It’s constructed in separate blocks. Each mitered block (there’s 3 variations) is worked from the wide edge to the point, and you use intarsia to create the colored squares along the diagonal. The blocks are then all sewn together and a quick log-cabin-style border is added to finish the whole thing off. Super simple, but such an impressive finished product. Plus, because it’s worked modularly, it makes a great travel project, and is easy to modify!
Head on over to Knit Picks to grab your free copy of my Call & Response Throw today!
First, I used safety pins to mark off roughly where I wanted the letters to go.
Then I counted out my stitches and rows, made myself some graph paper and sketched out my letters. I made my own graph paper because I am both too lazy (I didn’t want to go down to the basement to grab my pre-printed graph paper) and not lazy enough (it probably took 15 minutes to draw out these graphs). I wouldn’t recommend it.
Then I grabbed my leftover yarn and a needle and got to work duplicating my stitches.
And I gotta say… this is slow going. When I say it might take me longer to embroider the letters on these sweaters than it took to actually knit them up, I might not be joking. I don’t know if it’s a me thing or if I’m doing something weird or what, but oofa doofa. It doesn’t help that I’m doing the fronts and backs of both sweaters (since Flax is a reversible sweater, I figured I’d make the decoration reversible, too).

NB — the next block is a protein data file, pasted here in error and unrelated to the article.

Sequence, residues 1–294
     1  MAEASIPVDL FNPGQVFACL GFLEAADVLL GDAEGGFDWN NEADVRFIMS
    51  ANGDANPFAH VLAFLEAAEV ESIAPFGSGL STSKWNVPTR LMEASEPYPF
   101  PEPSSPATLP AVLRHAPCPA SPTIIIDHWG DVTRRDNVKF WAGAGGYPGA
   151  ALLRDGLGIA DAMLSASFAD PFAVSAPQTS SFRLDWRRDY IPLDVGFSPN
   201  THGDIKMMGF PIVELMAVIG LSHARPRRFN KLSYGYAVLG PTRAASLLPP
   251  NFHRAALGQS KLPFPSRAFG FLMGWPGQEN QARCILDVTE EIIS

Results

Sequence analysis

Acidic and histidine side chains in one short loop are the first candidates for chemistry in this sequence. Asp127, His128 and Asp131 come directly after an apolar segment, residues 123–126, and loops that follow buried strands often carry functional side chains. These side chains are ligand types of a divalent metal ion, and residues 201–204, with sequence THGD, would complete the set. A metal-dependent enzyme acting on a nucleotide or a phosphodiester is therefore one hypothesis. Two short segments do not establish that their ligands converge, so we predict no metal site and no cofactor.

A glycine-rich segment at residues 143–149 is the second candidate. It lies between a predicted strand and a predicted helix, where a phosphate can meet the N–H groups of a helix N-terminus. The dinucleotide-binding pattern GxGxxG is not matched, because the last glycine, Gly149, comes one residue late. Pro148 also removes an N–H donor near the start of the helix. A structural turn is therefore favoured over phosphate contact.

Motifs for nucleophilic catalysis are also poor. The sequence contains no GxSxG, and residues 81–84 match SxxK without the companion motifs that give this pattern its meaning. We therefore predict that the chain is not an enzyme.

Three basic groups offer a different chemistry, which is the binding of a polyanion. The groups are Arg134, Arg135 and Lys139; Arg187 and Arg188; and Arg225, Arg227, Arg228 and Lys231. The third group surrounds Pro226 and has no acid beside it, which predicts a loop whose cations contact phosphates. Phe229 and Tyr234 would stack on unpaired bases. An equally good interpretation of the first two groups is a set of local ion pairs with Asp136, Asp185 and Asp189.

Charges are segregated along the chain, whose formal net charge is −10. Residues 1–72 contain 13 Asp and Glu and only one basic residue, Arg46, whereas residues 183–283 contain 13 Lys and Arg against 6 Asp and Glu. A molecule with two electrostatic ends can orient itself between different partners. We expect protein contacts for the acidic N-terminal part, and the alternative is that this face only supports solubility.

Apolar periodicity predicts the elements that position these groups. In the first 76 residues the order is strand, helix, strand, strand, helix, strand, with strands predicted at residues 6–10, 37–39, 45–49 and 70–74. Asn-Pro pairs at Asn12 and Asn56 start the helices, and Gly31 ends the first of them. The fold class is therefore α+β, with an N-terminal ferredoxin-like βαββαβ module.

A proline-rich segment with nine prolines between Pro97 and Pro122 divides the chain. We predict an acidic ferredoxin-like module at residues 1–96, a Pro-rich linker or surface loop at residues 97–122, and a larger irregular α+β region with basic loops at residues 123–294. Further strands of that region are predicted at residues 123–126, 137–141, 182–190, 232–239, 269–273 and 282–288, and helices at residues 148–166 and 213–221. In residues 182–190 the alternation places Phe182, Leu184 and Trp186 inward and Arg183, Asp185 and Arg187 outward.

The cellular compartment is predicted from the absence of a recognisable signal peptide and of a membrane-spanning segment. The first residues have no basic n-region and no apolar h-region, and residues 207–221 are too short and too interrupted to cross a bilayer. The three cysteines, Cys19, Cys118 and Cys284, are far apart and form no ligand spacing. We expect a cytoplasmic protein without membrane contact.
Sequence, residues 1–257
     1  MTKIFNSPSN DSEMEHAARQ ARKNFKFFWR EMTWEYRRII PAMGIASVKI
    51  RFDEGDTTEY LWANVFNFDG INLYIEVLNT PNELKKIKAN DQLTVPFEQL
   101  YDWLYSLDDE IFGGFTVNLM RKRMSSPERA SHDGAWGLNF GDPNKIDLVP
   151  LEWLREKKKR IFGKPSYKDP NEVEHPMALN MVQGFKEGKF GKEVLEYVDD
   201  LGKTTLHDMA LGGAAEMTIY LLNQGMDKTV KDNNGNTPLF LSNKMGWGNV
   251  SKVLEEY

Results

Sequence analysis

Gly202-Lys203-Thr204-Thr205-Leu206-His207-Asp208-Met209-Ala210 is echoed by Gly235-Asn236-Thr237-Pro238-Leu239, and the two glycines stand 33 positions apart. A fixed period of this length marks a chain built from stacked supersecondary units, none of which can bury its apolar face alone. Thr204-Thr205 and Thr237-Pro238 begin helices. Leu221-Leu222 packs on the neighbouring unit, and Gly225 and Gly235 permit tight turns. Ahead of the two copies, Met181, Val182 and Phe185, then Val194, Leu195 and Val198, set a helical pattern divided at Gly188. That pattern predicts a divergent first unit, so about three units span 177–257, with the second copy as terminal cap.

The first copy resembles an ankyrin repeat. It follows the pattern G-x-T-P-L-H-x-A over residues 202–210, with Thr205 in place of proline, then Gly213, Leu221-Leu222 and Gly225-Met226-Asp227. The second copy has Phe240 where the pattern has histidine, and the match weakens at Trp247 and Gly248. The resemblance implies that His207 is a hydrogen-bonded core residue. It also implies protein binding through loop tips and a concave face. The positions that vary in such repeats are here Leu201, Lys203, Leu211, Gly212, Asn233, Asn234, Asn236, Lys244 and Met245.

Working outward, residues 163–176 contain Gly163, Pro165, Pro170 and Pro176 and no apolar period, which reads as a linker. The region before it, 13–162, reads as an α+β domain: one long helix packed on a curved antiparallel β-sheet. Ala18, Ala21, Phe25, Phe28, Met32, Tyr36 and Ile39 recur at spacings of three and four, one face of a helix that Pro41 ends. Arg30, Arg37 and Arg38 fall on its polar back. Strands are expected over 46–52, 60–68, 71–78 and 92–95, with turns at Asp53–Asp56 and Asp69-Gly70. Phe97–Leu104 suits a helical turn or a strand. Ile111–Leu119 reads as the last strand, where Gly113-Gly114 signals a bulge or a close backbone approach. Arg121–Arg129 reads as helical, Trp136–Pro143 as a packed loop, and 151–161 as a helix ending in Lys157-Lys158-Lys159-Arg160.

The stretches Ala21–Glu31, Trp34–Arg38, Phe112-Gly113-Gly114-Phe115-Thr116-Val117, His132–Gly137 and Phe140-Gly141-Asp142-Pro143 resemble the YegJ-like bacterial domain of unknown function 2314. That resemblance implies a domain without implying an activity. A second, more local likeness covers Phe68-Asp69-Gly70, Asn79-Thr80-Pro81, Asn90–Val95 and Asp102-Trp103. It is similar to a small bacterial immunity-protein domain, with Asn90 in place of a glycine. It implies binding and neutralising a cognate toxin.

It’s going to look so cute once I’m done, though!
Have you ever done duplicate stitch to finish a project? Did it take you an aeon, too? Or is it just me?
They’re so cute, and so fast to work up. They’re just the most fun. (Especially when I’m in a knitting funk!)
And they’re a great excuse to do silly stuff like this. A matching pair of Harry Potter-themed sibling sweaters. C’mon. I’d never do something this silly for an adult, but there’s something so satisfying about doing it for little ones.